The Private Life of Governor Rick Perry
Much of Governor Rick Perry’s political positions are becoming well known to those of us who are politically active. I have been researching into many of the GOP candidates that are running for the nomination. It is one thing to determine what a candidate stands for on the issues, it’s another to see what they have done in the privacy of their personal lives.
Very few of us completely agree on every issue that might come up in life. We have grown up with different life experiences and each of us react differently to those situations. To me, what a person does in relation to others without any prompting or political gain, says so much more about a persons character and beliefs than what they claim to believe in public. To whit, the reason for this article.
The personal history of Rick Perry is more diverse than what people might believe. The following is just a few brief glimpses into Perry’s long road he has toed to date. Nothing is more true than when Perry said “If you want to see God laugh, just tell him your plans.”
Rick Perry grew up in a very rural area of Texas, living and working with his parents, as most farming families do up till this day. Some of the early influences were the Boy Scouts and earning the Eagle Scout award, the 4H program, and learning to play the piano. All of this requires a person to have initiative and a work hard attitude.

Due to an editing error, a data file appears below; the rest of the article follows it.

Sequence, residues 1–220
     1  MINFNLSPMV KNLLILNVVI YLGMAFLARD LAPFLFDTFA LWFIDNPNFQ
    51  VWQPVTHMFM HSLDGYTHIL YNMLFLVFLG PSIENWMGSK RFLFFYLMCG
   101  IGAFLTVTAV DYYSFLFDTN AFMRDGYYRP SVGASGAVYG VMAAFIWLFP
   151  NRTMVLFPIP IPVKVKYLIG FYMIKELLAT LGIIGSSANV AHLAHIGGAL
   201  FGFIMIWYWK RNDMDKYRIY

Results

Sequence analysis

Perry while at Texas A&M, joined the Corps of Cadets and was well liked and elected yell leader. He also sold books door to door to help pay for college. Vietnam was in the back of everyone’s mind at this point in time, as it was for Perry. He accepted a commission in the United States Air Force after graduating, completed pilot training, and flew tactical airlifts in Europe and the Middle East through most of the 1970s. He retired in 1977 as a captain and returned to Texas to work on the family’s cotton farm.
Colleagues of Perry during his tour have fond memories of him.
“People are assessing you from the moment you walk in the front door,” said Forman, an Abilene resident who served as an aircraft commander with the 772nd squadron. “You were dealing with massive personalities. All of us were extremely confident young men, and he thrived in that environment.”
“I remember he was slim, trim and in good athletic condition,” said William Alexander of Colleyville, another pilot who served at Dyess with Perry. “I thought he was a pretty sharp guy and dependable. Some (airmen) you had to worry about, but he was on top of things.”
Those times back then were easy compared to being governor of Texas. Texas National Guard and Reserve has been used to supplement military forces in both Iraq and Afghanistan for the last 10 years. Perry has had to comfort spouses and family that have lost loved ones who were killed in action.
Texas Gov. Rick Perry hugged Betty Martinez, the mother of fallen Army Pfc. John Edward Andrade, Sr. of San Antonio on Saturday, during a joint session of the Texas Legislature to honor fallen Texas servicemen in the House Chamber in Austin. Family members of fallen veterans crowded the House floor in a special joint session. State Sen. Brian Birdwell, who retired from the Army after being seriously burned in the Sept. 11 attacks on the Pentagon, helped read the names of 96 service members killed in combat in Iraq and Afghanistan.